Amarone della Valpolicella

In 1936, in a cellar of Valpolicella at Villa Mosconi, a curious find was made: some abandoned bottles of a Recioto wine. The winery’s head Adelino Lucchese, driven by curiosity, decided to taste what should have been an aged bitter wine. Not expecting such a level of bitterness, he exclaimed: “This is not an Amaro (bitter), it’s an Amarone (extremely bitter)”, thus decreeing the birth of the famous Valpolicella wine.

The Amarone della Valpolicella is a garnet-coloured dry wine with a Docg marking, with a full and warm flavour, sweet aromas of black cherry and ripe fruit, with added hints of musk and tar in the specimens aged for longer. It is produced exclusively using different types of Valpolicella grapes, which after harvesting, immediately after the summer, are left to dry until the following January. After pressing, the wine is left in the barrels for at least three years, a period that producers may then decide to prolong further.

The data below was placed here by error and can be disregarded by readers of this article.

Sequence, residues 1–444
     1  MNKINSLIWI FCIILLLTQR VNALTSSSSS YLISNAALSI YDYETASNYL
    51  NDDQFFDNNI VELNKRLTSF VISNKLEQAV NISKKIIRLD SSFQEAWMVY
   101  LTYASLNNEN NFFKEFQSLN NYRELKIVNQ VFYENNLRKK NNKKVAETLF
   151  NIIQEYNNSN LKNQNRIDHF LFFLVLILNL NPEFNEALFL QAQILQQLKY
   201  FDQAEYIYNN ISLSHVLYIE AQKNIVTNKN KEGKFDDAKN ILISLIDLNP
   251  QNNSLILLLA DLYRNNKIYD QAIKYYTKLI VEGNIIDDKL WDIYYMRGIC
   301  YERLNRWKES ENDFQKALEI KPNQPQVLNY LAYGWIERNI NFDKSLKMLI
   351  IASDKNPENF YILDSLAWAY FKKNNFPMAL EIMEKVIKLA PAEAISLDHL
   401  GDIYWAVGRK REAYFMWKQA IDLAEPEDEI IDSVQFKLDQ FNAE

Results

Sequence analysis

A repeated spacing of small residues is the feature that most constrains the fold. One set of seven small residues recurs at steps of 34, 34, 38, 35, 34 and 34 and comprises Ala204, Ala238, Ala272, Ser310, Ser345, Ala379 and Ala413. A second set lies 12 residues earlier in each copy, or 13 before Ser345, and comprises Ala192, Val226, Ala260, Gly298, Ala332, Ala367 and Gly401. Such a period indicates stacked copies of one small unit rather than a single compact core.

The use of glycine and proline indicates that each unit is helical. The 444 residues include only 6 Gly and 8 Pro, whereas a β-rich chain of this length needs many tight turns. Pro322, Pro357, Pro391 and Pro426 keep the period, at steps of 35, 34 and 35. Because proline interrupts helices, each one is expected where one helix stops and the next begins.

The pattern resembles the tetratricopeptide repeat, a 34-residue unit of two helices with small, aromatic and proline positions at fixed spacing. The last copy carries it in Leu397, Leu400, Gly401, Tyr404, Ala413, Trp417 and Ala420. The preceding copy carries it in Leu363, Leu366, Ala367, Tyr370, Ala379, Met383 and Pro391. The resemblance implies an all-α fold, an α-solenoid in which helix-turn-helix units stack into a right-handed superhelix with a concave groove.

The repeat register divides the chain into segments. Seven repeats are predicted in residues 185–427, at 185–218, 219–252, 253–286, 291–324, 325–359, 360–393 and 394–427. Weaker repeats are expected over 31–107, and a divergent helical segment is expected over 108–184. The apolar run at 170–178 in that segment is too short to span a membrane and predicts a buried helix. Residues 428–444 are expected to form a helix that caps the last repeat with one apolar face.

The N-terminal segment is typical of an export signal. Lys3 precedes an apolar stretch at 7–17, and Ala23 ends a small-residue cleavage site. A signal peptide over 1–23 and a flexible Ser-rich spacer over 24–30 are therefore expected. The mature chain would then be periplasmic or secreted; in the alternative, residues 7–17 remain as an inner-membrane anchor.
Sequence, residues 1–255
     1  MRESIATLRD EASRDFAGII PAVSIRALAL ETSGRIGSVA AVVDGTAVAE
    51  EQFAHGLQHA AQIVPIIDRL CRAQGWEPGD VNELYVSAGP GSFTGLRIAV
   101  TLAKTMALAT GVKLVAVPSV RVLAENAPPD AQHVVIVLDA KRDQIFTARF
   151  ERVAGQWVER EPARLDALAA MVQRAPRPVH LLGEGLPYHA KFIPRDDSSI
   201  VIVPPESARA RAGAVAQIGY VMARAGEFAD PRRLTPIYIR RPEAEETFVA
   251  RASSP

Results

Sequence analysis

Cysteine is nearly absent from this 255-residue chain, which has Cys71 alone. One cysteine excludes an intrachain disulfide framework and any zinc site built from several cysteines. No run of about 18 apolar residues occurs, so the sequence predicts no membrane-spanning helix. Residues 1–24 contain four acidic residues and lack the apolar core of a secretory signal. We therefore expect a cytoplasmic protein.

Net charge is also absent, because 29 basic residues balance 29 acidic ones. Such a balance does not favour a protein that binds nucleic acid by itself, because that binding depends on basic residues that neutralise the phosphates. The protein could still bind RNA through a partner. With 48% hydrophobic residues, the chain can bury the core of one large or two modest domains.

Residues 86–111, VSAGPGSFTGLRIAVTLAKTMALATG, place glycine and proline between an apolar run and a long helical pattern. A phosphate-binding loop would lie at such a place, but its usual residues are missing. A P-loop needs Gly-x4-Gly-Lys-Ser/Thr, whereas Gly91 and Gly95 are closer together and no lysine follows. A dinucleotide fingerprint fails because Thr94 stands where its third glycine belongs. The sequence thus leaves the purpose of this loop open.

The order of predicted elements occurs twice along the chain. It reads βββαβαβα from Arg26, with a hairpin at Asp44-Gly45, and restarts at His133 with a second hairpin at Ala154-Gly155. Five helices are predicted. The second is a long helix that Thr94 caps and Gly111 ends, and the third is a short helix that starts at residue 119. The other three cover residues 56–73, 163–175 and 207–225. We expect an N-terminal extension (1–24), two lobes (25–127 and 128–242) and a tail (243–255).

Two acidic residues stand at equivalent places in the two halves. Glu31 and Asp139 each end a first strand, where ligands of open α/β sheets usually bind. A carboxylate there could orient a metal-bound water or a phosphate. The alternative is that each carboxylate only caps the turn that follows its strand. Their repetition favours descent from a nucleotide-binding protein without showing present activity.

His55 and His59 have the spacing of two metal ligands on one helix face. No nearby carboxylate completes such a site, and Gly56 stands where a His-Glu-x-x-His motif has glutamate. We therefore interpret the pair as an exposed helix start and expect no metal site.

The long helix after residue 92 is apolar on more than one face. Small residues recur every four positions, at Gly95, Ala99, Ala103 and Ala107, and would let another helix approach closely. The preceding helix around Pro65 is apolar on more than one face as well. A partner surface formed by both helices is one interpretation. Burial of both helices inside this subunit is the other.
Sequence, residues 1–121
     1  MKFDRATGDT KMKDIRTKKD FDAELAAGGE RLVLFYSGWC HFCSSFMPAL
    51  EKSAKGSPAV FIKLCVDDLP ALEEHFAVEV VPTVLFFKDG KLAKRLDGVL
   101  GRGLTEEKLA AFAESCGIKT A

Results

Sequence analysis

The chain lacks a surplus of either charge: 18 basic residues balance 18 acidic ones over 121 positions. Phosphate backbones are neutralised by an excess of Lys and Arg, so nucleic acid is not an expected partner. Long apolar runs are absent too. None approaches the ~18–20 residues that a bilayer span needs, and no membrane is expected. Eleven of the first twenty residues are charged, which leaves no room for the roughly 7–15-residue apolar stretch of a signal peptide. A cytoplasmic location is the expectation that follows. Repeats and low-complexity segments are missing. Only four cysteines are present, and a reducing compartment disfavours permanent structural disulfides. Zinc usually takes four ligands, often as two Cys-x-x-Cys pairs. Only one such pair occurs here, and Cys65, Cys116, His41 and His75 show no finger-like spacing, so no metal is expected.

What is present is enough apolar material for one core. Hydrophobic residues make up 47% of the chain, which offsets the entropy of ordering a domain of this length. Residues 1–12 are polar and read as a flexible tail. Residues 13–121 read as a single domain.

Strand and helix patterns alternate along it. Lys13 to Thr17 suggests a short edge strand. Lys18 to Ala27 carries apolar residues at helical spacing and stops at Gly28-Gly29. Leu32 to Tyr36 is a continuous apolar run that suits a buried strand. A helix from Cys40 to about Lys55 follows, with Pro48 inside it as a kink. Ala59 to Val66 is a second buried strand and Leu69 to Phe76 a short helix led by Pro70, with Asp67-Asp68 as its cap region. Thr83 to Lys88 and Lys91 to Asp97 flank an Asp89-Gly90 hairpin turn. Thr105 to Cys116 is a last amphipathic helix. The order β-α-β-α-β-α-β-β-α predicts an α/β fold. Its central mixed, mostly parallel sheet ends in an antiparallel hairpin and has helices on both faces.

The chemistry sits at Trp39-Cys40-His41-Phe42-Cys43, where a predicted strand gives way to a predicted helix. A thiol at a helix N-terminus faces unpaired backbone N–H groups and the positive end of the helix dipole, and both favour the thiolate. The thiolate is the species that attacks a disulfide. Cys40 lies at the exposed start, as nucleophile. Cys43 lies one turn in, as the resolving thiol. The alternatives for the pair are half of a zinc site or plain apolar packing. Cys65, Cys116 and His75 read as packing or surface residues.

What makes this wine so prestigious is the care with which the grape selection process is carried out, checking the bunches by hand, grape by grape, to choose the most suitable and round fruits, discarding those that might get bruised or damaged over time. This constantly ensures the excellent quality that characterizes this wine.

Wine tasting


  • The bottles of Amarone can be aged up to 30 years, with dizzying prices that reach hundreds of euros.


  • The Amarone is an excellent wine that should be savoured under the best conditions. We suggest serving it at a temperature of about 18 C° preferably in the colder seasons, together with meat dishes or typical first courses like risotto with ragù tastasal, typical of this region.
  • Not everyone is aware of the fact that the Amarone is also considered an excellent “meditation” wine, simply paired with a situation full of relaxation and a soul predisposed for tranquility.
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